Transport in ultra-thin nanowires

Te nanowire: We study electrical transport properties in semiconducting ultra thin tellurium nanowires. Pristine tellurium nanowire have band gap at fermi energy, and thus the transport is thermally activated in high temperature, followed by variable range hopping in low temperature. We have studied transport in single nanowire devices while exposing the nanowires with controlled amount of NO2. Ab. initio simulations showed that mid-gap state appears in presence of NO2 adsorbed on the surface of tellurium nanowire. This theoretical prediction of band structure modification was experimentally studied. The appearance of midgap states causes drop in electrical resistance of the nanowires. The temperature dependant transport showed decrease in activation energy and increase in localization length (ξ) while the nanowires were exposed with increasing concentration of NO2. Eventually, a metallic state of the nanowires is observed. The characteristic raman peaks of tellurium nanowires eventually quench with increasing amount of NO2 adsorption. This surface adsorption induced band structure engineering and semiconducting-metal transition allows tunability of opto-electronic properties of nanowires, which is extremely significant from both fundamental and application point of view.

 

Au nanowire: We have performed systematic studies of the dynamics of surface adsorption of various chemicals on ultra-thin single crystalline gold nanowires  through sensitive resistance fluctuation spectroscopy measurements coupled with ab initio simulations. We show that, contrary to expectations, the adsorption of common chemicals like methanol and acetone have a profound impact on the electrical transport properties of the gold nanowires. Our measurements and subsequent calculations establish conclusively that in gold nanowires, semiconductor-like sensitivity to the ambient arises because of changes induced in its local density of states by the surface adsorbed molecules. The extreme sensitivity of the resistance fluctuations of the gold nanowires to ambient suggests their possible use as solid-state sensors.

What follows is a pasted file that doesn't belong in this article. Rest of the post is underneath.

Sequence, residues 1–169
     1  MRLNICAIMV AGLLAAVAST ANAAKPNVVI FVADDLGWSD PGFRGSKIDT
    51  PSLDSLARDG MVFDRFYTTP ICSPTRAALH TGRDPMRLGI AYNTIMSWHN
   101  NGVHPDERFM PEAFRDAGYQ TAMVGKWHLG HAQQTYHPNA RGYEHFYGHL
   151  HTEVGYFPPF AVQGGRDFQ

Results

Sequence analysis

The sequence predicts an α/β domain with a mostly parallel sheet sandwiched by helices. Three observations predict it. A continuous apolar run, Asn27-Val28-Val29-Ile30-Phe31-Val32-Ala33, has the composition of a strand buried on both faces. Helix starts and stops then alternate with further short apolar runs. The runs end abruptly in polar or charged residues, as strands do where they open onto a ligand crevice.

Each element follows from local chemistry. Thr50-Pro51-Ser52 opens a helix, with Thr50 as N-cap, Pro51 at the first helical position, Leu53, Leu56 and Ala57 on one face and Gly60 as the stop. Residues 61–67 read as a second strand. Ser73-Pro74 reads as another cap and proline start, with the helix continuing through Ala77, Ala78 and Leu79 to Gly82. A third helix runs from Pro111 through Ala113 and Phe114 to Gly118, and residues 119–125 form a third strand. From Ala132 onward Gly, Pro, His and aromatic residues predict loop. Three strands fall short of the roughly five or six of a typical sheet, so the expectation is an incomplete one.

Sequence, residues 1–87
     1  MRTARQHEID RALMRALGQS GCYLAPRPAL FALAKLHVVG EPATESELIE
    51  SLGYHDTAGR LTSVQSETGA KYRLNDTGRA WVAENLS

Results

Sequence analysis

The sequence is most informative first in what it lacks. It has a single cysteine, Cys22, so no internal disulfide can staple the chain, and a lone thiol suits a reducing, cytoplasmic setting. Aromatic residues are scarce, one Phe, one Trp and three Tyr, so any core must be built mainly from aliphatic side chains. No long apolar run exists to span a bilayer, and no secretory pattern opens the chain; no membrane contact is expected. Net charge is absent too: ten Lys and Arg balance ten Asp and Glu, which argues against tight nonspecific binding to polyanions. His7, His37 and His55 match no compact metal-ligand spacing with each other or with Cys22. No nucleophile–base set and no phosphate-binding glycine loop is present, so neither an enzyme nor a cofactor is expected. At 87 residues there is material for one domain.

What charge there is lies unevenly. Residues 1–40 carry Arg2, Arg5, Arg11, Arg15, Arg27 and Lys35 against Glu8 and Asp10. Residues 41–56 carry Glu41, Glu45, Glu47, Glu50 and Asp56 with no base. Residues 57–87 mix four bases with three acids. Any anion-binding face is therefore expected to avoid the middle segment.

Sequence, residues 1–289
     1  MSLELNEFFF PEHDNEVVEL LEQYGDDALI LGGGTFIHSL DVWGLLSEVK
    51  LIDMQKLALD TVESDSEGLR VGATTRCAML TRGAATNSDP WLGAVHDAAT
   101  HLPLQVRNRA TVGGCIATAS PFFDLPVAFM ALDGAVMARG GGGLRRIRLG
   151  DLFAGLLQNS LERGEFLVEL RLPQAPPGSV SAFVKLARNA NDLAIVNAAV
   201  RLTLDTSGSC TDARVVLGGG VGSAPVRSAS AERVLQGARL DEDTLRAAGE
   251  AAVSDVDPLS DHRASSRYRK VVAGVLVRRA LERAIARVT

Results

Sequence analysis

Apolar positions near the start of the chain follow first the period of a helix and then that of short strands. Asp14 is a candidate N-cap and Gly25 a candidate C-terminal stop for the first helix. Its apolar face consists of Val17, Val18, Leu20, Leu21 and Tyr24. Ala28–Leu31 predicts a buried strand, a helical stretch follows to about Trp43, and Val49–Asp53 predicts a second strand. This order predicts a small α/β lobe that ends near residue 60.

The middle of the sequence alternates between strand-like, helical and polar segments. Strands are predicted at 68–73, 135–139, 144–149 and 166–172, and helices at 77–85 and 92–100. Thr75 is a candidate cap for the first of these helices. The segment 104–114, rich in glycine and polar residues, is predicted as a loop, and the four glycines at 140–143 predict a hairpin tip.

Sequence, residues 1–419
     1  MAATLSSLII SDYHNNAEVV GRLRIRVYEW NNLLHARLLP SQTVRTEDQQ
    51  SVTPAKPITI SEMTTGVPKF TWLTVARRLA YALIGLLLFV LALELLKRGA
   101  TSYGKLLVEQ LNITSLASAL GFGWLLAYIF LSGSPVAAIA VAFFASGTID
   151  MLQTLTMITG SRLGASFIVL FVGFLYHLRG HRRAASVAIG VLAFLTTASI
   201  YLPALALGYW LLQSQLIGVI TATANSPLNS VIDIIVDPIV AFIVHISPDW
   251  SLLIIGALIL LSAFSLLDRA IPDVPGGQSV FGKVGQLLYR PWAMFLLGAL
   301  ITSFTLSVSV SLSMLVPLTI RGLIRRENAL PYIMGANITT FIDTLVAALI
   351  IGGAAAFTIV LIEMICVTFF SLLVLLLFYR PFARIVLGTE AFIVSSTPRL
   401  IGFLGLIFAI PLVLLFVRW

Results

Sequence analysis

VO2 nanowire: Vanadium dioxide is a strongly correlated material with a thermally driven, first-order metal–insulator transition well above room temperature (341K). Metal–insulator transition in VO2 is accompanied by the structural transformation of the crystalline lattice from a high symmetry tetragonal rutile metallic phase with uniform V-V bond distance of 2.85 A to a lower symmetry insulating monoclinic phase with dimerized molecular [VO6]-[VO6] pair exhibiting alternative V-V bond lengths of 2.65A and 3.12A. It is found that electrostatic charging at a surface drives all the previously localized charge carriers in the bulk material into motion, leading to the emergence of a three-dimensional metallic ground state. This non-local switching of the electronic state is achieved by applying a voltage of only about one volt. In a voltage-sweep measurement, the first-order nature of the metal–insulator transition provides a non-volatile memory effect. We have fabricated on substrate and suspended device with single VO2 nanobeam by electron beam lithography and studied the thermally and electrically driven metal insulator transition on electrical transport measurement and found out this metallic state on Raman spectroscopy occurred as a function of temperature. We are probing the  unresolved mechanism of metal–insulator transition through detailed temperature and bias dependence of the statistics of conductance  fluctuations in this system.

      

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